First DriveVivid, visceral, poised and hilariously vocal, Aston’s second limited-run track-special Vantage might even be better than the first
First DriveThe GMR 600 aftermarket supercharger conversion breathes new life into the Aston Martin V8 Vantage. Very tempting
What is it?
Well, it certainly isn’t a facelift, because despite considerable under-the-skin modifications, the exterior of the Aston Martin V8 Vantage has been left unaltered except for a new wheel design. The big news in what Aston is calling a “technical enhancement” – an enlargement of the V8 from 4.3 to 4.7 litres, with power rising to 420bhp (up 11 per cent) and torque to 347lb ft (up 15 per cent).
The chassis has been tweaked, with the coupé inheriting the improved components and stiffer spring rates already fitted to the roadster, and Bilstein dampers are now standard. And there’s now the option of a Sports Pack (lighter wheels, firmer springs and retuned dampers), available on both roadster and coupé, and it’s a manual coupé with this fitted that’s tested here. The interior gets the same tidier but still fiddly fascia from the DB9 and DBS, and with it the ‘Emotion Control Unit’ key replacement.
What’s it like?
First impressions are not good. While the gearchange has certainly improved since the very first cars and there’s now a lighter clutch, the V8 Vantage remains a physical car to thread through traffic, more so with the Sports Pack’s stiffer springs adding a firmness to the low-speed ride.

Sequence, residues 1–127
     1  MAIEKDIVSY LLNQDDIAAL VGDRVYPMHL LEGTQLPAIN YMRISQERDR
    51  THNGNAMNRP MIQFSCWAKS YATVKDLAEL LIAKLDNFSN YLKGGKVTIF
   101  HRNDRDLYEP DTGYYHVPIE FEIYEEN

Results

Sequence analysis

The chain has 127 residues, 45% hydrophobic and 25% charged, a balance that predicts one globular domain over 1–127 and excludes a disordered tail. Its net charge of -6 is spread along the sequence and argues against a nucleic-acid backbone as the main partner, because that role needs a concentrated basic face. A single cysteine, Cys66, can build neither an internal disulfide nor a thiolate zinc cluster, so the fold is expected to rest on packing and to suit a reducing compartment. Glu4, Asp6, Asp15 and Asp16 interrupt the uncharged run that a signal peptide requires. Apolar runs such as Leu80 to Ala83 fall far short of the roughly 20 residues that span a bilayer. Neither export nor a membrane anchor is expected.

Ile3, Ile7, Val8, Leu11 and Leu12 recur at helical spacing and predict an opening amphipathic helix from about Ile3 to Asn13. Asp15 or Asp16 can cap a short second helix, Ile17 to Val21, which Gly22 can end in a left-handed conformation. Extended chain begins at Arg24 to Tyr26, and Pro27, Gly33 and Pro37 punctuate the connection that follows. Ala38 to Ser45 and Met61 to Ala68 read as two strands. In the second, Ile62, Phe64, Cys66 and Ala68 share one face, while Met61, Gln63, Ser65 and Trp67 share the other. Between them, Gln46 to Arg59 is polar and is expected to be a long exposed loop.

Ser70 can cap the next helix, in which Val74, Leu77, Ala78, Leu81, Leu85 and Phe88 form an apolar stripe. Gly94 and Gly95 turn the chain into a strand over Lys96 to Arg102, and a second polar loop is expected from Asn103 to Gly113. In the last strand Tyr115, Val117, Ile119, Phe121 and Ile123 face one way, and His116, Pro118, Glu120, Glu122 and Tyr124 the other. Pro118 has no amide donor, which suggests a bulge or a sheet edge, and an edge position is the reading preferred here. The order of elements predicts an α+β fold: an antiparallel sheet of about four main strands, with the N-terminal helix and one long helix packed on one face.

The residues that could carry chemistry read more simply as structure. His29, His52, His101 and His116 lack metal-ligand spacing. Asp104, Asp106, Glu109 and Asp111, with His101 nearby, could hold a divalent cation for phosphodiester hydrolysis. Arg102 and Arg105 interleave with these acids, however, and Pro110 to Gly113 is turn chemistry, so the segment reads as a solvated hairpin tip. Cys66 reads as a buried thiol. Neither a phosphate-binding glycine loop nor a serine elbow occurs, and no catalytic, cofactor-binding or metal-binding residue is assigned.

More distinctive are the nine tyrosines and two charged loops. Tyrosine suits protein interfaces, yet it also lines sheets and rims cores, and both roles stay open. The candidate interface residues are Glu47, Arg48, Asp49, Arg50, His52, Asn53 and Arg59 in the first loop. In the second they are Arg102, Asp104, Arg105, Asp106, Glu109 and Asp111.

And although the added power is noticeable at low revs, I was expecting more. The disappointment persists until I find a road to the middle of nowhere and discover that when wound past 3500rpm the Vantage reacts more keenly to your right foot and gains momentum with more urgency.
Officially 0.2sec has been shaved from the 0-60mph time, but subjectively the in-gear performance feels stronger still. The noise is different too – a touch quieter and a little less shrill, the effect of the exhaust bypass value less polar but overall no less satisfying. Less effect and more substance, I’d say.
So to really appreciate the engine enhancements the Vantage needs a little commitment from its driver, and it’s a similar story with the chassis. Driven at five-tenths, the V8 feels similar to the original, only better damped, but it’s when you, or the road, start making tougher demands that the improvements shine.
With the £2500 Sports Pack fitted, the Vantage grips harder and the front and rear axles now work more harmoniously. Being front-engined and rear-wheel drive, the Vantage still needs a classic ‘slow in, fast out’ approach, but the front end can now be leant on more reliably and the extra poke exploited. Body control is also improved, now bordering on excellent, effectively keeping bodywork and tarmac separate without adversely affecting comfort.
Should I buy one?
If you’ve always been tempted by the Vantage but wished it hit a bit harder, well, now it does. Given current economic worries and the raft of competitor activity, Aston has wisely resisted the temptation to use this refresh to jack up prices, the coupé rising just £2000.
Aston’s revisions for the Vantage are far from glaring – it takes time and a decent drive to fully reveal them – but invest this and you’ll find a car that preserves the character of the original, but adds polish where it was needed. Better still, the changes are as cohesive as they are individually effective. The final reckoning comes at the end of long drive. Before, you’d want more from the car; now you just want more time with it.